Brooklyn – Councilman David G. Greenfield is demanding that the city clean up the mess and expedite damage claims from the Department of Sanitation’s botched snow removal last month, which resulted in thousands of dollars in damage at Washington Cemetery, the largest Jewish cemetery in New York City.
Department of Sanitation employees and contractors recklessly piled snow as high as fifteen feet on Bay Parkway and along the sidewalks adjacent to Washington Cemetery. The massive mountains of snow subsequently collapsed over New Year’s weekend, toppling the perimeter fence of the cemetery and damaging dozens of headstones. The extent of the damage remains unknown as tons of snow still cover plots near the collapsed fence, unmoved by the Department of Sanitation and unable to be moved by the cemetery, which doesn’t have the equipment needed to facilitate snow removal of this magnitude.
“It’s shocking that more than one month later the City has done nothing to rectify this situation,” said Councilman Greenfield. “The Department of Sanitation admitted fault and the city must clean up their mess and ensure that claims by relatives of the deceased are processed as quickly as possible. It is unacceptable that these families must wait months while the final resting places of their loved ones remain desecrated.”
Greenfield fired off a letter today to the Comptroller of the City of New York, the New York City Law Department and the Department of Sanitation asking that the Department of Sanitation immediately remove the remaining snow so that the entirety of the damage may be assessed and anxious families notified. The letter also called on the Comptroller’s Office and Law Department to expedite resolution of claims related to the snow removal incident.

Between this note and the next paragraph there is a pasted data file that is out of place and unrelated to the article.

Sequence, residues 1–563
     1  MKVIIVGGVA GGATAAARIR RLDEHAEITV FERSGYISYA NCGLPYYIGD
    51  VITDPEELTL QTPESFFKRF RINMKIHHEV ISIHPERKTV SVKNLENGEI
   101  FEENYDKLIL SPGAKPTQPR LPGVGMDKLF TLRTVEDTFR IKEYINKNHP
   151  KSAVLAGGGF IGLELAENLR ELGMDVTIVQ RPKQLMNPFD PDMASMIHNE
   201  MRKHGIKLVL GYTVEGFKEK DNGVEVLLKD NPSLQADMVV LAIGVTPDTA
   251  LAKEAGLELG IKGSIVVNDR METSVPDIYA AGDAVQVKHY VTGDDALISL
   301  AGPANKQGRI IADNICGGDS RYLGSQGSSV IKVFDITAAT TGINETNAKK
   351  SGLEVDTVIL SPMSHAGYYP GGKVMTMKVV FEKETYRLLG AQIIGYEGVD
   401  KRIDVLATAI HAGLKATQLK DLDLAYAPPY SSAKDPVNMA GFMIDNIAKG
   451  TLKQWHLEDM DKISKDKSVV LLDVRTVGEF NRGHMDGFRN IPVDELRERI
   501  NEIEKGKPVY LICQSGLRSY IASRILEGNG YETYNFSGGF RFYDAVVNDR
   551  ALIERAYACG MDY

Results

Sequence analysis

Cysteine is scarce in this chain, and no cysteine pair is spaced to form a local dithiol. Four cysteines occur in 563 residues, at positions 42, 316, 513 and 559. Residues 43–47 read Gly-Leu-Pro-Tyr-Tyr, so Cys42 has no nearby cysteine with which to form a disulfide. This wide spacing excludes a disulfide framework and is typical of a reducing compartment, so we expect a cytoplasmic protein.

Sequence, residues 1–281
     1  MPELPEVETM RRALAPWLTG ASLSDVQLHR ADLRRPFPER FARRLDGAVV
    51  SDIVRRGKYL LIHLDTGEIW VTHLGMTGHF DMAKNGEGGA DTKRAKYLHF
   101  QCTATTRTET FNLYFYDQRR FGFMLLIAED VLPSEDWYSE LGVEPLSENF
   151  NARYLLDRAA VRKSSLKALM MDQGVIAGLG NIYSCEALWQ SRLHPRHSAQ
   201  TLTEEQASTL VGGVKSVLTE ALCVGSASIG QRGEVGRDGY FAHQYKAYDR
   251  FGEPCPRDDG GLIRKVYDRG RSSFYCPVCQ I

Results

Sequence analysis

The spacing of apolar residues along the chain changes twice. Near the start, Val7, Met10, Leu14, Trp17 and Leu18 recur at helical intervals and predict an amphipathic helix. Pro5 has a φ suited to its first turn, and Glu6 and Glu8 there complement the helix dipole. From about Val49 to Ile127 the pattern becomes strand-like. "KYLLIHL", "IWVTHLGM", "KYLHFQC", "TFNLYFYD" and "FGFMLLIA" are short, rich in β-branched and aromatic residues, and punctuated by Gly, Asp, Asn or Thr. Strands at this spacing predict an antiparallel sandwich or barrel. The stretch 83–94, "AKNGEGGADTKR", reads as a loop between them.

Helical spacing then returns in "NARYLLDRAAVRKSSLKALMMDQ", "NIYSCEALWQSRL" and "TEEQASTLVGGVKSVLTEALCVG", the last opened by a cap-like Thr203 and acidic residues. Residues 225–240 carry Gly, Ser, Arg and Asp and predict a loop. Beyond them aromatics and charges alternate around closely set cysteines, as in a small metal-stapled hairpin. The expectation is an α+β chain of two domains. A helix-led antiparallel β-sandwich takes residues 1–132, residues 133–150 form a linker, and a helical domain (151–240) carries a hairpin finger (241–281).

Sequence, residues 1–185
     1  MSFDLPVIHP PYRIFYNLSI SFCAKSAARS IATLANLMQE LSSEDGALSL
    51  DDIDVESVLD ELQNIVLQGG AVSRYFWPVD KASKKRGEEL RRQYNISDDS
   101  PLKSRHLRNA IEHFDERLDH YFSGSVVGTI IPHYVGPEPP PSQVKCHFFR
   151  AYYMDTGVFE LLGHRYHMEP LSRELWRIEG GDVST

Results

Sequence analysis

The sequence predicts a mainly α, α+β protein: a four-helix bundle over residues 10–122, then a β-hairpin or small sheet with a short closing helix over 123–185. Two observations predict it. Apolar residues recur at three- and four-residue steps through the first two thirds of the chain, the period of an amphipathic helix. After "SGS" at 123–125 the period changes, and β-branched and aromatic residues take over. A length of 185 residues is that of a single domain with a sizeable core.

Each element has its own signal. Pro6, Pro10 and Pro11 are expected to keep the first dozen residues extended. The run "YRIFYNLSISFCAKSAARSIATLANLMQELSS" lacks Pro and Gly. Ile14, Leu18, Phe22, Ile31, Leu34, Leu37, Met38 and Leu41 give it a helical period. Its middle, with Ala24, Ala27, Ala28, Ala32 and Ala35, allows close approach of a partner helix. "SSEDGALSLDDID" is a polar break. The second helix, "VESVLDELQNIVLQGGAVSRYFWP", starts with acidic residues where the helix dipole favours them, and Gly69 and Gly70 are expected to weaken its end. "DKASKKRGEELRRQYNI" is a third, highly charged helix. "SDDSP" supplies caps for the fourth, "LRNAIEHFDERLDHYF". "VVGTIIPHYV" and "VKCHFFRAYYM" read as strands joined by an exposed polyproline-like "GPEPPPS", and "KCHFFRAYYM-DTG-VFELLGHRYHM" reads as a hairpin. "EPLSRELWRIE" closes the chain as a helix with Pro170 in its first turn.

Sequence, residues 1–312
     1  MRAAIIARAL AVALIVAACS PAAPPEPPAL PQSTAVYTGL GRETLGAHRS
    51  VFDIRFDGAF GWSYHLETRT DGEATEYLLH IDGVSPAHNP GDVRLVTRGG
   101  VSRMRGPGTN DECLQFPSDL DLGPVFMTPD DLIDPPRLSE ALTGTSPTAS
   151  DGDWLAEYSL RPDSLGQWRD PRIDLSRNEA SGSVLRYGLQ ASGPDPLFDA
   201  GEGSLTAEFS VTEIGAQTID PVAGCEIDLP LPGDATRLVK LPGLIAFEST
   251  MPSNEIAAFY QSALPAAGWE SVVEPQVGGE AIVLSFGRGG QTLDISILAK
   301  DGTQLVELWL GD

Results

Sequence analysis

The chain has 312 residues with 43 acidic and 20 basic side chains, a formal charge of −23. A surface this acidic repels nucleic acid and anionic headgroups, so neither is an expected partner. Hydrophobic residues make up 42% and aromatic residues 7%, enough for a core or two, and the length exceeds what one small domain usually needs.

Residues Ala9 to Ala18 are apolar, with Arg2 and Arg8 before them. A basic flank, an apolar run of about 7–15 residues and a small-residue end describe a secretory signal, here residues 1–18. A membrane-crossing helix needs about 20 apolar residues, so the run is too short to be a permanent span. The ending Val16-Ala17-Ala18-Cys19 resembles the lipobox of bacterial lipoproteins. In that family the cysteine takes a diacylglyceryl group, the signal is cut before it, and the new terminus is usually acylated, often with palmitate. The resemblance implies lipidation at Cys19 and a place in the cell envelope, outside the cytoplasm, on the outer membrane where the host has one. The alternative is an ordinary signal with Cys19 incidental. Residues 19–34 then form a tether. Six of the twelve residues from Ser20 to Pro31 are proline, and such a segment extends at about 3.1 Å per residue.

“I…implore your respective offices, to consider the tremendous emotional toll this [incident] has taken on these families and to work jointly to immediately pay their claims,” said Councilman Greenfield in his letter. “Considering that the Sanitation Department admitted fault a month ago, there is no reason for payment of the claims to be delayed.”
The damage caused by the city came on the heels of two separate incidents of anti-Semitic vandalism at Washington Cemetery at the beginning of December, resulting in damage to hundreds of headstones.
“I regret that these families have had to endure this emotional roller coaster,” noted Councilman Greenfield. “Aside from the tremendous expense of resetting or replacing the headstones, the emotional toll this has taken on these families is unthinkable. The City of New York must rectify this shocking wrong and spare the families affected any unnecessary delay in restoring the final resting places of their loved ones,” concluded Councilman Greenfield.
(YWN Desk – NYC)